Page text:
Attorney General Jeff Sessions delivers remarks on immigration and law enforcement actions to cadets from Lackwanna College Police Academy. Michael Candelori/ZUMA
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The Methodists, who are known for being fairly chill in the grand scheme of organized religion, are apparently considering kicking Attorney General Jeff Sessions out of their church. Turns out they don’t much like the administration’s policy of separating families at the border—or the way the attorney general has tried to defend his policies using the Bible.
More than 600 Methodist clergy and church members from across the country have signed a letter asking Sessions’ pastors to bring formal church charges against him—such as child abuse, immorality, racial discrimination, and the dissemination of false doctrine (for example, using Romans 13 to justify the family separation policy).
The letter, sent on Monday, is addressed to Rev. Sterling Boykin in Alabama and Rev. Tracy Wines in Virginia, and it does not mince words.
“We write to you, Mr. Sessions’ pastors, copying his District Superintendents and Bishops, in the hopes that you will, as members of our connectional system, dig deeply into Mr. Sessions’ advocacy and actions that have led to harm against thousands of vulnerable humans,” the letter reads. “As members of the United Methodist Church, we deeply hope for a reconciling process that will help this long-time member of our connection step back from his harmful actions and work to repair the damage he is currently causing to immigrants, particularly children and families.”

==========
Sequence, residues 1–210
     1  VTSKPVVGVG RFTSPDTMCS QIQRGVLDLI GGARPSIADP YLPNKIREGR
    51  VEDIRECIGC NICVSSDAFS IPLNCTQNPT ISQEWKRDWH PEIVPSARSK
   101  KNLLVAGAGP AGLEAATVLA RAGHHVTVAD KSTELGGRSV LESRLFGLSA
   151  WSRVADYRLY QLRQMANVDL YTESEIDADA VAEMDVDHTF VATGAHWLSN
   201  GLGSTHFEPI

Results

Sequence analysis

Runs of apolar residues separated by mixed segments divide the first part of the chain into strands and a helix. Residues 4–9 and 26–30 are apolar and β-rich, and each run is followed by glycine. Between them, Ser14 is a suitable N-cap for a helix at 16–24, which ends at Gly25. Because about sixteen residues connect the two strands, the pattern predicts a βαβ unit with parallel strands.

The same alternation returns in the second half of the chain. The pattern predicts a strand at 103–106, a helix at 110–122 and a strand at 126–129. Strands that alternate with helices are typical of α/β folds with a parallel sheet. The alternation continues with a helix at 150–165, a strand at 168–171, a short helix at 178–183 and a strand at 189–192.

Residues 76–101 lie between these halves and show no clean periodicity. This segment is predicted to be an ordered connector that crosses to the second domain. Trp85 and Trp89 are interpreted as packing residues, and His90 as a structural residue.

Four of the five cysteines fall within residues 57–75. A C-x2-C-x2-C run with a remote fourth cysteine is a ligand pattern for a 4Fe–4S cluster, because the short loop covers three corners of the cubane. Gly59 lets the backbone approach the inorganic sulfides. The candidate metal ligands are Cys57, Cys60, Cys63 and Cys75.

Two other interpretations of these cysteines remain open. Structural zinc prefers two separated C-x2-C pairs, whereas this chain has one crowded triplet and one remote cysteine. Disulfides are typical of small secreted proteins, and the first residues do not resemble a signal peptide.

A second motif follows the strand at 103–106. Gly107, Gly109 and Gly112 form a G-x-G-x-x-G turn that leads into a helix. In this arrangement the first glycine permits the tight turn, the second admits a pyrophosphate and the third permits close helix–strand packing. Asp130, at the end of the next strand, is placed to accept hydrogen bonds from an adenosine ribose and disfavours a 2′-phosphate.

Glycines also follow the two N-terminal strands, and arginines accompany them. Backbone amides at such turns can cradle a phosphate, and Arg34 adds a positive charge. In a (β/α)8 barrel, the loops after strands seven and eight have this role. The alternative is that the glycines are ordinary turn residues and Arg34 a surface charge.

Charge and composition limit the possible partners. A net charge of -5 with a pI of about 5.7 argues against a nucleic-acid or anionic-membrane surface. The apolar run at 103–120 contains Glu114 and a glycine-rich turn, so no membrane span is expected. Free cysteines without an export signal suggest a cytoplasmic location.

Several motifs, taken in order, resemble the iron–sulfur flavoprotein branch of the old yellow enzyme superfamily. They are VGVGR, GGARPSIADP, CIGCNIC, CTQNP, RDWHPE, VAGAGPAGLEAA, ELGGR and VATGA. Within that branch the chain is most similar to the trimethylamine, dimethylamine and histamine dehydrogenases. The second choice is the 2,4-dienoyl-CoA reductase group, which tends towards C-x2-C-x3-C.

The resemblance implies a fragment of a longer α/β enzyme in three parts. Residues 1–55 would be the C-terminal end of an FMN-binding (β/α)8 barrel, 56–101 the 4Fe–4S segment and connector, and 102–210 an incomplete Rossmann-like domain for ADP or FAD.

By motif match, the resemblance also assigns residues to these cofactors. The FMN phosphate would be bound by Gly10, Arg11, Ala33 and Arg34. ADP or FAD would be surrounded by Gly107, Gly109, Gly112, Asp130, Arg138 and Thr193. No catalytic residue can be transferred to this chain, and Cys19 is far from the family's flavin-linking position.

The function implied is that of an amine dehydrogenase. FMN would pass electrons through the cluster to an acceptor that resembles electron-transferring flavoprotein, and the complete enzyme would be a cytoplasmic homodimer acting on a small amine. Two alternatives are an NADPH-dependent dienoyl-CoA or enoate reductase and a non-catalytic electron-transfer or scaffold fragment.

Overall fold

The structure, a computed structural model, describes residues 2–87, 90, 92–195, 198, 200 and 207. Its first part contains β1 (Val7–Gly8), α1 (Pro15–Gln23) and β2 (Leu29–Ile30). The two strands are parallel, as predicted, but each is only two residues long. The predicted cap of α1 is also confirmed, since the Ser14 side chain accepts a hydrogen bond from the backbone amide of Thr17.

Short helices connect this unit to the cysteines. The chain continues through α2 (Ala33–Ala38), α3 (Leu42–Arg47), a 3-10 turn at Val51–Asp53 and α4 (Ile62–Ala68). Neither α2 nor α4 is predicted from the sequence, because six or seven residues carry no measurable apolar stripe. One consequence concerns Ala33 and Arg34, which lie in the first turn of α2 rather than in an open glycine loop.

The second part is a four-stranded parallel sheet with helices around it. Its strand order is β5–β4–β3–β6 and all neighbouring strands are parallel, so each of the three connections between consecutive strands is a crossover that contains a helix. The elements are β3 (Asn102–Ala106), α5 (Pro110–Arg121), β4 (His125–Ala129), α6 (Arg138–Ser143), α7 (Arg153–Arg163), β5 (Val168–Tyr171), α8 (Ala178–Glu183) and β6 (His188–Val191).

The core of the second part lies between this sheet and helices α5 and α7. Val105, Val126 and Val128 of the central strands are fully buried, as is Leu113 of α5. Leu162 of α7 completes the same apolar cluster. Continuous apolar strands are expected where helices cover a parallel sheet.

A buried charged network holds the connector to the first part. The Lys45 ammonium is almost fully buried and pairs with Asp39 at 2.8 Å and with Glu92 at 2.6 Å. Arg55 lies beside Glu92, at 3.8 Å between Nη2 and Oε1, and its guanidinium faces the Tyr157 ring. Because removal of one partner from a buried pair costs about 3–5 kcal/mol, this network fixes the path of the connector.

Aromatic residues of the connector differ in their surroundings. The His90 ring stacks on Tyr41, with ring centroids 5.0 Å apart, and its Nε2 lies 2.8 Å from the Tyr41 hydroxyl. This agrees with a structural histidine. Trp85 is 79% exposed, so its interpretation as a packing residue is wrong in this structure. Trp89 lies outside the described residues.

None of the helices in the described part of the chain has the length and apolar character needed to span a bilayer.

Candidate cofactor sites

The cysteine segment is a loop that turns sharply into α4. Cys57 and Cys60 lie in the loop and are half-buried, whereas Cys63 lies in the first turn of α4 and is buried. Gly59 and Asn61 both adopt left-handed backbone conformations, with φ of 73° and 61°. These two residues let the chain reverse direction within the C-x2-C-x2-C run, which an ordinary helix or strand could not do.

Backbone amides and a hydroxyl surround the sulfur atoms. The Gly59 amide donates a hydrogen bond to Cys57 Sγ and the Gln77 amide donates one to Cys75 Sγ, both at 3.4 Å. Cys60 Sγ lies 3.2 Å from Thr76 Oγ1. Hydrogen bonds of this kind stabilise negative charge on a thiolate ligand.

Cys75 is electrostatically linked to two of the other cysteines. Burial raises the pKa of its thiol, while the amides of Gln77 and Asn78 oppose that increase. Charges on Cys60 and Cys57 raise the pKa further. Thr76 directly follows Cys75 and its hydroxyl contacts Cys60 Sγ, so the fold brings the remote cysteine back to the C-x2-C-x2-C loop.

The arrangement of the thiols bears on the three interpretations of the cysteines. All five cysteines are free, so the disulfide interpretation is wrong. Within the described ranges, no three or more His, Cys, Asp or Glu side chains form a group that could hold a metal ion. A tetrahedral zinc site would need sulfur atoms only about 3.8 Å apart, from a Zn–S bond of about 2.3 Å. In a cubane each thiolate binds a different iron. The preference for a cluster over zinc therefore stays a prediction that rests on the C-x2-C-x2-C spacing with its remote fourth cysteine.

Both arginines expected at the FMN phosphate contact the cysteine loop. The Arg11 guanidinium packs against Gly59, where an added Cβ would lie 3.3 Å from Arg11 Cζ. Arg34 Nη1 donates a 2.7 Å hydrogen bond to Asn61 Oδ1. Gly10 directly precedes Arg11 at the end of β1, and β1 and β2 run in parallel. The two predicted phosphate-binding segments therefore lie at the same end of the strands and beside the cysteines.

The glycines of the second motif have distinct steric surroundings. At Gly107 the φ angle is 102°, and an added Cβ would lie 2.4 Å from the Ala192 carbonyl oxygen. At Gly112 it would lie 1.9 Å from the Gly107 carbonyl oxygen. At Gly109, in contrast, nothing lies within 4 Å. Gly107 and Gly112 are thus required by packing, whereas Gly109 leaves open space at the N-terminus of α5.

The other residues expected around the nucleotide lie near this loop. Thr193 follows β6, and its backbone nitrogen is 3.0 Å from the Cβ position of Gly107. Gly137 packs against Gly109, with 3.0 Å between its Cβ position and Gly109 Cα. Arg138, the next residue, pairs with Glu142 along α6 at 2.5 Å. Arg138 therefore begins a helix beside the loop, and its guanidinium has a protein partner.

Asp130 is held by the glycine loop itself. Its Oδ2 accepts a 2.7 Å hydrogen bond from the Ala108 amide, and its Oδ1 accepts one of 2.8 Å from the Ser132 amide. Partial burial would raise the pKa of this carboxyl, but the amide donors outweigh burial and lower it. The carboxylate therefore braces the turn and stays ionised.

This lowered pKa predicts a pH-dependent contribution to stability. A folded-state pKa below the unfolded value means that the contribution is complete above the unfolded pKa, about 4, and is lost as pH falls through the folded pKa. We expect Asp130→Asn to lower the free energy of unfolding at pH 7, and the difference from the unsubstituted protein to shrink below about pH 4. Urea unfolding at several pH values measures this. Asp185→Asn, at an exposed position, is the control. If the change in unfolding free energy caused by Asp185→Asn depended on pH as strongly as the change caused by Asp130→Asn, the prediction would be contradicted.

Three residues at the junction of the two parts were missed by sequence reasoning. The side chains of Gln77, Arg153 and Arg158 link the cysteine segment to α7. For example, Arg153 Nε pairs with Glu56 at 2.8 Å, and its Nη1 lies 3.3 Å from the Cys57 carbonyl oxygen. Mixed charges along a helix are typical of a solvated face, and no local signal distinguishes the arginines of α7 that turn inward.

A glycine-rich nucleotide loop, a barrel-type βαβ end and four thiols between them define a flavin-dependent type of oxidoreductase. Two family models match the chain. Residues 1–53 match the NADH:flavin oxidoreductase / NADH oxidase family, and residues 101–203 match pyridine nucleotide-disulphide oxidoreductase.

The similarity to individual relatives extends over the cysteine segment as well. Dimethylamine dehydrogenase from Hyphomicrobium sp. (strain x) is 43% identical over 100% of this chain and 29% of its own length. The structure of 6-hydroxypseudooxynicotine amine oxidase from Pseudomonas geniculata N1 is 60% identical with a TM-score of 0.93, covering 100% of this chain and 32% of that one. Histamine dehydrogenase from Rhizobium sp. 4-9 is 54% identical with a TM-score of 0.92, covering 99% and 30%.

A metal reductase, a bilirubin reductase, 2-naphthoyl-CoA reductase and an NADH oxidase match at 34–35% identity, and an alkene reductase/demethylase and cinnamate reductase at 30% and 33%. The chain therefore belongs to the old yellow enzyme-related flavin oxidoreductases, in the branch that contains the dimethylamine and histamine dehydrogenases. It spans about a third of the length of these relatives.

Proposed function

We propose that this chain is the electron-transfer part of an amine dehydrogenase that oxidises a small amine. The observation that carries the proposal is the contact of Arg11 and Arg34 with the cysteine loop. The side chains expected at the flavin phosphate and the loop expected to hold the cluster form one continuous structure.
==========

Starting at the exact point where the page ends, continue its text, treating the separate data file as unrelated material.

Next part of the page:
The undersigned cite “the severe and ongoing impact of several of his public, professional actions” as the impetus for this unusual call to action. Sessions has been an active member of the United Methodist Church for many years, serving as a Sunday School teacher in his home church, Ashland Place United Methodist Church in Mobile, Ala., and also representing them as a delegate to the annual Methodist General Conference. It’s likely his leadership roles in the church and the frequent invocation of his faith as a political motivating force pushed the clergy and church members to bring these charges.
As Vox reports:
Technically, anyone within the Methodist Church can bring charges against any other member, and charges can theoretically lead to expulsion from the church community following an ecclesiastical trial. In practice, however, charges are extremely rare, especially against laypeople, and almost never move beyond the level of individual mediation at a local church level.
According to the United Methodist Church’s news service, the next step is for Sessions’ pastor and district superintendent to try and resolve the complaint using “pastoral steps.” It’s unclear exactly what that would look like, but if they fail, the church would continue following steps laid out in its Book of Discipline toward expulsion.
Rev. David Wright, a Pacific Northwest Conference elder and organizer of the effort to charge Sessions, told the church’s news service that he “really never would have thought” he would find himself working on charges against a fellow Methodist, much less a lay person.
“I hope his pastor can have a good conversation with him and come to a good resolution that helps him reclaim his values that many of us feel he’s violated as a Methodist,” he said. “I would look upon his being taken out of the denomination or leaving as a tragedy. That’s not what I would want from this.”